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Le risque caractéristique de la modernité?

This article was posted in JEOletter Nr. 14 / July 2011.
Nuclear protection forces - image: PanARMENIAN_Photo (cc: by-nc-nd)

Nuclear protection forces - image: PanARMENIAN_Photo (cc: by-nc-nd)

Thorsten Philipp

“Dans leur très grande majoritĂ©, les citoyens de l’UE sont très soucieux de l’environnement” constate un communiquĂ© de presse rĂ©cent de la Commission EuropĂ©enne. Il est souvent la nature de la dynamique des catastrophes environnementales, que les dangers sociaux et environnementaux des grandes technologies reçoivent une attention majeure. En rĂ©alitĂ©, Fukushima et Deepwater Horizon – comme toute autre catastrophe environnementale – mettent Ă  nouveau en Ă©vidence l’interaction Ă©troite entre le progrès et la modernisation, d’une part, et le risque potentiel, la perception de la crise et l’augmentation des risques, d’autre part. Certes, le risque est une expĂ©rience existentielle fondamentale; elle a toujours Ă©tĂ© prĂ©sente dans l’histoire humaine. NĂ©anmoins, ce risque – qui jusqu’Ă  la deuxième moitiĂ© du 20ème siècle Ă©tait uniquement une discipline mathĂ©matique – apparaĂ®t depuis lors comme une catĂ©gorie clĂ© des sciences sociales, en raison du progrès technologique, des technologies Ă  grande Ă©chelle et des Ă©vĂ©nements associĂ©s Ă  la crise Ă©cologique – en particulier – les grandes catastrophes Ă©cologiques, survenues depuis les annĂ©es 1970. Continue reading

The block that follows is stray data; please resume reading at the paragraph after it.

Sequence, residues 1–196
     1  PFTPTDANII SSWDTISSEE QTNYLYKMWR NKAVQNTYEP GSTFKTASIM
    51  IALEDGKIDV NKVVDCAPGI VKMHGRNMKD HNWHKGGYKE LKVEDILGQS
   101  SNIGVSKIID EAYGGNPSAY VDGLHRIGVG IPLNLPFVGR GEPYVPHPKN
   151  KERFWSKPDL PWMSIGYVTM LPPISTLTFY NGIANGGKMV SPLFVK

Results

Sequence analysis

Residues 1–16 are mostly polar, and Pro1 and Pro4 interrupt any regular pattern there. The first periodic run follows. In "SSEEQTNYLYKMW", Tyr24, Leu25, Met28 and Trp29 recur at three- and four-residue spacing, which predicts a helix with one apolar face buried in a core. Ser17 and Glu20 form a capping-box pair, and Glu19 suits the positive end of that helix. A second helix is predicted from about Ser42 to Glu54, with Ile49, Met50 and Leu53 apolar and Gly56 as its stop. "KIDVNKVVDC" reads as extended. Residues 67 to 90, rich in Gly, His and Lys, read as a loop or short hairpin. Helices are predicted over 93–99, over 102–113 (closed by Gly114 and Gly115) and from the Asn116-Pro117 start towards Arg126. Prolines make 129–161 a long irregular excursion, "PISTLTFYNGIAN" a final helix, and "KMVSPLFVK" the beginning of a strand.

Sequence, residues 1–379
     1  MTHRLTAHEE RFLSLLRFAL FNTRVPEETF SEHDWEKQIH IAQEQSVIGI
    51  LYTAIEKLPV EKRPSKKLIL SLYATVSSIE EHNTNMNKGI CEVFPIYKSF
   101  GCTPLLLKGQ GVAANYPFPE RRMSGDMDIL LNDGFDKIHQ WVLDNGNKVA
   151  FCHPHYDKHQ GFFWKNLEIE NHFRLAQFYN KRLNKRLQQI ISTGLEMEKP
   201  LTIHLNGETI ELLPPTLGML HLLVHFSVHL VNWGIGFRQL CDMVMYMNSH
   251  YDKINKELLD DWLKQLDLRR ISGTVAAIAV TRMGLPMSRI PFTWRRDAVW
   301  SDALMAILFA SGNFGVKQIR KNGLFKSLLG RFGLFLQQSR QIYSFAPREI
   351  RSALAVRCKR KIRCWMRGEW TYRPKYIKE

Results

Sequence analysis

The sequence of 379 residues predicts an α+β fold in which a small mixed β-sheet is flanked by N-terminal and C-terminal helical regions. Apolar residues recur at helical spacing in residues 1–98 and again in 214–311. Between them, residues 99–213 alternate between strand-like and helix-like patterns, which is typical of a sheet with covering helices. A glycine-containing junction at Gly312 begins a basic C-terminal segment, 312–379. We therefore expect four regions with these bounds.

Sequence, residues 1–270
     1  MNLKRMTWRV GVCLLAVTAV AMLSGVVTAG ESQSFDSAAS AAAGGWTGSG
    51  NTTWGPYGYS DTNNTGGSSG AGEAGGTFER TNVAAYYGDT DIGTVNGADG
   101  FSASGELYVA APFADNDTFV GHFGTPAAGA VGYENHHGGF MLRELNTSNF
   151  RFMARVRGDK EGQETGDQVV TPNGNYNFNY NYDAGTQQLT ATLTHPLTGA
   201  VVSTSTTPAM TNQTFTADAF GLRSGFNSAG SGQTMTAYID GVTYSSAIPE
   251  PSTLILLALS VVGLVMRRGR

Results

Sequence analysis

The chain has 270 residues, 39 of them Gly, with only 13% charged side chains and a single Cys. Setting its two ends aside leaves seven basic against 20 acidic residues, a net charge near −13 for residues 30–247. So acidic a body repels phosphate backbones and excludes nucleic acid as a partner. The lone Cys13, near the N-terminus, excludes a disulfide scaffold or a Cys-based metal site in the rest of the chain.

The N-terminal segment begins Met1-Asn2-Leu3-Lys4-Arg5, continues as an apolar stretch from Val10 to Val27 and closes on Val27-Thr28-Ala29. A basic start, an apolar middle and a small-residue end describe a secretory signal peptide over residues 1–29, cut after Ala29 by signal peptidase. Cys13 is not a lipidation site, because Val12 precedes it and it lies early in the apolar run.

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The results of the Hungarian Presidency

This article was posted in JEOletter Nr. 14 / July 2011.
Hungarian Presidency

Hungarian Presidency

Gergely Ternovszky

As the Hungarian government has passed the presidency to Poland, we may draw some conclusions about its recent mandate, comparing its initiatives and their outcome, examining its reactions to the challenges that suddenly emerged.

It should always be borne in mind that the presidency itself does not provide notable additional rights, or influence in decision-making, for the country holding it. Rather, it imposes tasks of protocol and organisation. Within this framework, we can see what the Hungarian Government found important, as president, to promote for the well-being of the EU. Continue reading

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From Warsaw to Brussels

This article was posted in JEOletter Nr. 14 / July 2011.
From Watsaw to Brussels

From Warsaw to Brussels